top of page
Wealth Gap

Issue: In 2015, the top twenty-five hedge fund managers made more than the combined salaries of every kindergarten teacher in the United States, and paid a lower tax rate than most nurses, firefighters, and police officers. We are at a crucial crossroads in the course of our nation’s history, balancing on the brink of completely abandoning the American dream as we slip into oligarchy. While median wages in the United States have remained stagnant in the face of steadily rising costs of living, CEO pay has grown at an unprecedented rate – over 900% since 1978.


Nowhere in California is income inequality worse than right here in San Francisco. The average income of the top 1% in our city is $3.6 million, compared to an average of just over $81,000 for the bottom 99%. From 1989 to 2016, the 1% increased their share of San Francisco’s overall income by 15%, and they now take home over 30% of San Francisco’s economic productivity. If we want to set a true progressive model for the future of our country, we can no longer tolerate such a gross collective moral failure of our society.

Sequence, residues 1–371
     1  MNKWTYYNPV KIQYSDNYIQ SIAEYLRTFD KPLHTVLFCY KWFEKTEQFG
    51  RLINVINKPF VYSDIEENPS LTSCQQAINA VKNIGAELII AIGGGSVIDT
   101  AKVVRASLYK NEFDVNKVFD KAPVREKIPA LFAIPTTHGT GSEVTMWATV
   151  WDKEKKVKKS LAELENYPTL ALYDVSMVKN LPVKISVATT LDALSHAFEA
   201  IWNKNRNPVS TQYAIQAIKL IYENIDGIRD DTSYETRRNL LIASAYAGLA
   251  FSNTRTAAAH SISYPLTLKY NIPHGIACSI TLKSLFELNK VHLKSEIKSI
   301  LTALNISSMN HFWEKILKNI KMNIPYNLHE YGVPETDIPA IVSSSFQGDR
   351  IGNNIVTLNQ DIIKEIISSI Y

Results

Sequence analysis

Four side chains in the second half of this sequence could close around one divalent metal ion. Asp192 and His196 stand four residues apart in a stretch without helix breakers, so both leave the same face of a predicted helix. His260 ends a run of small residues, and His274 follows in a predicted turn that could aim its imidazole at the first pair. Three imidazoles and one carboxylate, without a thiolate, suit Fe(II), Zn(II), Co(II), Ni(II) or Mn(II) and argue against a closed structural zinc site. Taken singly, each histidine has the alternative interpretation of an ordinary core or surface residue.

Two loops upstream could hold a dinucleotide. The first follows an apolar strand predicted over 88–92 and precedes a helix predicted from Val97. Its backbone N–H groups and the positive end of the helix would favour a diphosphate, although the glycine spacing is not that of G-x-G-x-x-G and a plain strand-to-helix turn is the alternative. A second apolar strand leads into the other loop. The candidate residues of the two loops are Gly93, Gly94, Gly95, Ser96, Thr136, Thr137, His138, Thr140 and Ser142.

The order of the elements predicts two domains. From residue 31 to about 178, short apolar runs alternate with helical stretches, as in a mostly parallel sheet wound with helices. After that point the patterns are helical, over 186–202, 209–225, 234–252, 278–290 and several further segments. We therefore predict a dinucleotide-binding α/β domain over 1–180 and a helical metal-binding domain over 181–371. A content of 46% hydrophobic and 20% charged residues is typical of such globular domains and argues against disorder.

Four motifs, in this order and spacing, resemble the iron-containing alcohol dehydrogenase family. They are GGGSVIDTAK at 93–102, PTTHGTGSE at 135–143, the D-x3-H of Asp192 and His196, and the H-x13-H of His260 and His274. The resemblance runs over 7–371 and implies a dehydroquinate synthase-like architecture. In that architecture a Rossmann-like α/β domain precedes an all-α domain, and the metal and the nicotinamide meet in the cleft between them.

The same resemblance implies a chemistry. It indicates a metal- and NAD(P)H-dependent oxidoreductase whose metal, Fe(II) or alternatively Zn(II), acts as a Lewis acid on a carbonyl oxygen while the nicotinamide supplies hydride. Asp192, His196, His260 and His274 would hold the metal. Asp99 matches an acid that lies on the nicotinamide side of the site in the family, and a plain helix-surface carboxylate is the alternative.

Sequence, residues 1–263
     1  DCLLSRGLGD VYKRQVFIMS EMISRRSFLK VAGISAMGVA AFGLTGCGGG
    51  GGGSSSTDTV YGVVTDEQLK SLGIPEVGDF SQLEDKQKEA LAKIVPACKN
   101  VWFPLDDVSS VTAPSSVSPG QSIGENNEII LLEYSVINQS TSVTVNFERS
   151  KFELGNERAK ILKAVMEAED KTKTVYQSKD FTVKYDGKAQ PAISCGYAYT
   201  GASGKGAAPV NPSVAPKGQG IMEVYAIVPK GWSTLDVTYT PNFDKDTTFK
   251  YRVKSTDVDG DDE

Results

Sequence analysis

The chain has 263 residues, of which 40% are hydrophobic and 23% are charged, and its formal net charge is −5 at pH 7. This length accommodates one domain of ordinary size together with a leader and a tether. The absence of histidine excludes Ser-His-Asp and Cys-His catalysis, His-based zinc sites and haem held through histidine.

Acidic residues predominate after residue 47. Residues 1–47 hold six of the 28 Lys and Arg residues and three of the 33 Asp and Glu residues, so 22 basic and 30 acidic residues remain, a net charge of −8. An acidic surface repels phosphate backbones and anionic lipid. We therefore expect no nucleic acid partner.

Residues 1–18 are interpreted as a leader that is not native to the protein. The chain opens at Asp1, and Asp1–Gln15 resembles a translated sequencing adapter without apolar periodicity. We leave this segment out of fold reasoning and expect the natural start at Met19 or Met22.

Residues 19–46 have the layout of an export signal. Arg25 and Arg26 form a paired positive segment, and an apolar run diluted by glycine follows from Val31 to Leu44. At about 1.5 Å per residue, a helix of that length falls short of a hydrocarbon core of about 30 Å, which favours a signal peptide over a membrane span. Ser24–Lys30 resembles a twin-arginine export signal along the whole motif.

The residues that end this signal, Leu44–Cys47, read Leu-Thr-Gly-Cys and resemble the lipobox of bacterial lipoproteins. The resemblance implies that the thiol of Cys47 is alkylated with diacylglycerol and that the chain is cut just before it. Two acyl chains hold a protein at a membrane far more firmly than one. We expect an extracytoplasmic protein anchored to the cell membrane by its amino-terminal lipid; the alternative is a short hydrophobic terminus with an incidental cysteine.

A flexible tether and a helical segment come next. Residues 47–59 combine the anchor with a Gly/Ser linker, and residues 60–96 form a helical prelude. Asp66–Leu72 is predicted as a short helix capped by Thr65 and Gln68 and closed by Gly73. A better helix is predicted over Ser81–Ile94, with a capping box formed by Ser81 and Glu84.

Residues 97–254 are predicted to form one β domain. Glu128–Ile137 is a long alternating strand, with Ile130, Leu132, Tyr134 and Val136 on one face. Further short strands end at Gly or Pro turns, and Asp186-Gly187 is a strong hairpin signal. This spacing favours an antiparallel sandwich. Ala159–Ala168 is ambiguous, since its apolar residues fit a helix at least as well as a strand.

Proposal: To make meaningful progress and put more wealth in the hands of America’s middle class, we must first pass comprehensive campaign finance reform that returns control of Congress to the people, rather than the lobbyists who currently write policy. Then, we must pass progressive tax reform that holds the top 1% of earners and billion dollar corporations accountable, eases the burden on small businesses, and creates the revenue necessary to reinvest in our communities.


This reinvestment can take numerous forms, the most crucial of which will be new funding to fill the gaps in our K-12 public schools and extend a pre-k and community college education to all Americans. Additionally, we must address the widespread displacement of workers as a result of automation and outsourcing through increased benefits and workforce training programs. Perhaps most crucial, however, will be the restoration of workers’ collective bargaining rights. Congress needs to pass legislation outlawing “right to work” laws that undermine unions and mandate that all employers with over 100 employees conduct card-checks and provide their employees the resources necessary to unionize.


bottom of page